Barry E. Carter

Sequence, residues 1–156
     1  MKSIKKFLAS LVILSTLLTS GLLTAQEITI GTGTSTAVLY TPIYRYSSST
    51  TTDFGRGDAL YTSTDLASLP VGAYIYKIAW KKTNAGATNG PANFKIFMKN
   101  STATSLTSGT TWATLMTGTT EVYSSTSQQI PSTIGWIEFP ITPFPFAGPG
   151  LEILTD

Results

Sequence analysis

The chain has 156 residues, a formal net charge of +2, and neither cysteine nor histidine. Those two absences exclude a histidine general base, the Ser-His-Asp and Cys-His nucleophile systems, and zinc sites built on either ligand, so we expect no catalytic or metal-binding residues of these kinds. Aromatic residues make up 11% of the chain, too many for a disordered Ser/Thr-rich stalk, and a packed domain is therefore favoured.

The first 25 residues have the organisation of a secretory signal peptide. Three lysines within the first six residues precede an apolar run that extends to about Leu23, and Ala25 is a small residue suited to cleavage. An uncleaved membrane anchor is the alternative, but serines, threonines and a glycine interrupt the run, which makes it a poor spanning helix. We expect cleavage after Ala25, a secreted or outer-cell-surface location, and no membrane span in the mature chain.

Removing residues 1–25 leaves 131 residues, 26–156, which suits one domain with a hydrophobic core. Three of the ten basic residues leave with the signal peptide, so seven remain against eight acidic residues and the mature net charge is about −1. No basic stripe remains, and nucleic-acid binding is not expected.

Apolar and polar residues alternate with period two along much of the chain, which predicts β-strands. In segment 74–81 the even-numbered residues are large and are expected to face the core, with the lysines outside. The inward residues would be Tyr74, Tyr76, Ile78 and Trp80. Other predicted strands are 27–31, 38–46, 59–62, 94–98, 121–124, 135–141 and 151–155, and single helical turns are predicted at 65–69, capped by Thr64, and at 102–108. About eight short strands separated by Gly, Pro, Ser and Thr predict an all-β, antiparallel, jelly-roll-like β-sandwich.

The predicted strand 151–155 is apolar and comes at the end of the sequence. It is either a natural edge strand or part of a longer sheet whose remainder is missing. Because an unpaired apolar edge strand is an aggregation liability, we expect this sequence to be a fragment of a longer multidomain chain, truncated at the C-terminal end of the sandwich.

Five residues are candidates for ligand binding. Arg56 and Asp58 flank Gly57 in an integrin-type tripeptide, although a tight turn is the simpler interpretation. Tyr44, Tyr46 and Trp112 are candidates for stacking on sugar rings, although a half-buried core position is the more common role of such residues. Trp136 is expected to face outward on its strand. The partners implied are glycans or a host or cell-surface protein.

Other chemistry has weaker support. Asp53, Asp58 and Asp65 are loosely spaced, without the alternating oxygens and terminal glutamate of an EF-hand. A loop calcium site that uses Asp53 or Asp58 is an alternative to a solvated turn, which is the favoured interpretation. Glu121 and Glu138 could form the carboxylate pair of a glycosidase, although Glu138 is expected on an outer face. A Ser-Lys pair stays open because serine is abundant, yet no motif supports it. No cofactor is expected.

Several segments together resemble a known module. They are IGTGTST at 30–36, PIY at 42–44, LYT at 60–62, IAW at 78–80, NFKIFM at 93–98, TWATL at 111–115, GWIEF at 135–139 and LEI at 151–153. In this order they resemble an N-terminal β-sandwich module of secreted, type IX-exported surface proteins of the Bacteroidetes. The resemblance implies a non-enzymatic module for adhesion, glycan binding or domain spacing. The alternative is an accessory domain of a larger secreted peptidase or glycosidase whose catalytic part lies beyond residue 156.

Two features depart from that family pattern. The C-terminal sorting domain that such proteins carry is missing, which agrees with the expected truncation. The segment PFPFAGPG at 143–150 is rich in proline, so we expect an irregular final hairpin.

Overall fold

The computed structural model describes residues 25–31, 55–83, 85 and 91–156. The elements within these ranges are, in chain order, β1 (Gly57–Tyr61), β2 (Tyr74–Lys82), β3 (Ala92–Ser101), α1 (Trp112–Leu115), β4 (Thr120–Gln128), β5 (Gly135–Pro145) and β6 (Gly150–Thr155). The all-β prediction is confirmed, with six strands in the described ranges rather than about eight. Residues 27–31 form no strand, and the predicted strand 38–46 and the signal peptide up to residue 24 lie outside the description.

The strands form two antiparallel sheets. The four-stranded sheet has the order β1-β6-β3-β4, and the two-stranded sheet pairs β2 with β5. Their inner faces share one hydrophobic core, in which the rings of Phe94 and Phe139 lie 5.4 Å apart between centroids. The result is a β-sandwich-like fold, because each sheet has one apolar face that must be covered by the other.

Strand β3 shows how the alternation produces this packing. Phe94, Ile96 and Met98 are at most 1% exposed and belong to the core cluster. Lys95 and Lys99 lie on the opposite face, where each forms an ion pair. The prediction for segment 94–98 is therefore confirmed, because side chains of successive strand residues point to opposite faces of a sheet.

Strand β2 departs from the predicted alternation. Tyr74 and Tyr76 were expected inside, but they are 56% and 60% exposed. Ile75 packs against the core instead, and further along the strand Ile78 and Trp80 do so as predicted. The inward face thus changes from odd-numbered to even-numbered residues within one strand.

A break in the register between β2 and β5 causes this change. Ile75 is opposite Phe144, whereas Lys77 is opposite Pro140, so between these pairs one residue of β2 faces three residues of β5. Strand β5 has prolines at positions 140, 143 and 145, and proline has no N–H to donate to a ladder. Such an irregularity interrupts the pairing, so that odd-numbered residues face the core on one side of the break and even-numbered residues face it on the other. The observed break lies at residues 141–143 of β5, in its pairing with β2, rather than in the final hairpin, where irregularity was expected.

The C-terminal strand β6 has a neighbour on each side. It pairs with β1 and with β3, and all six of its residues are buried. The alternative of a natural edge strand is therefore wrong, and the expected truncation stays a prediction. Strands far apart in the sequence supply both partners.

This is a comprehensive analysis of the myriad US laws for imposing economic sanctions for foreign policy reasons. Against a broad range of target countries, the United States has resorted increasingly to a variety of economic pressures as a major tool in its foreign policy. Examples include South Africa, Panama, Libya, Nicaragua, the Soviet Union, Poland and Iran. The book is written in a lucid style designed for both non-lawyer and lawyer. It begins with a brief history and examination of the effectiveness of economic sanctions, drawing upon the existing literature. It then breaks ground by carefully analysing the wide range of US laws that authorize controls on government programmes (such as foreign aid), US exports, imports, private financial transactions, and assistance by international financial institutions. The study offers discussion of the 1988 omnibus trade bill and includes a useful chapter examining the widely differing laws of major US allies, notably the United Kingdom, Germany, Japan and the European Community.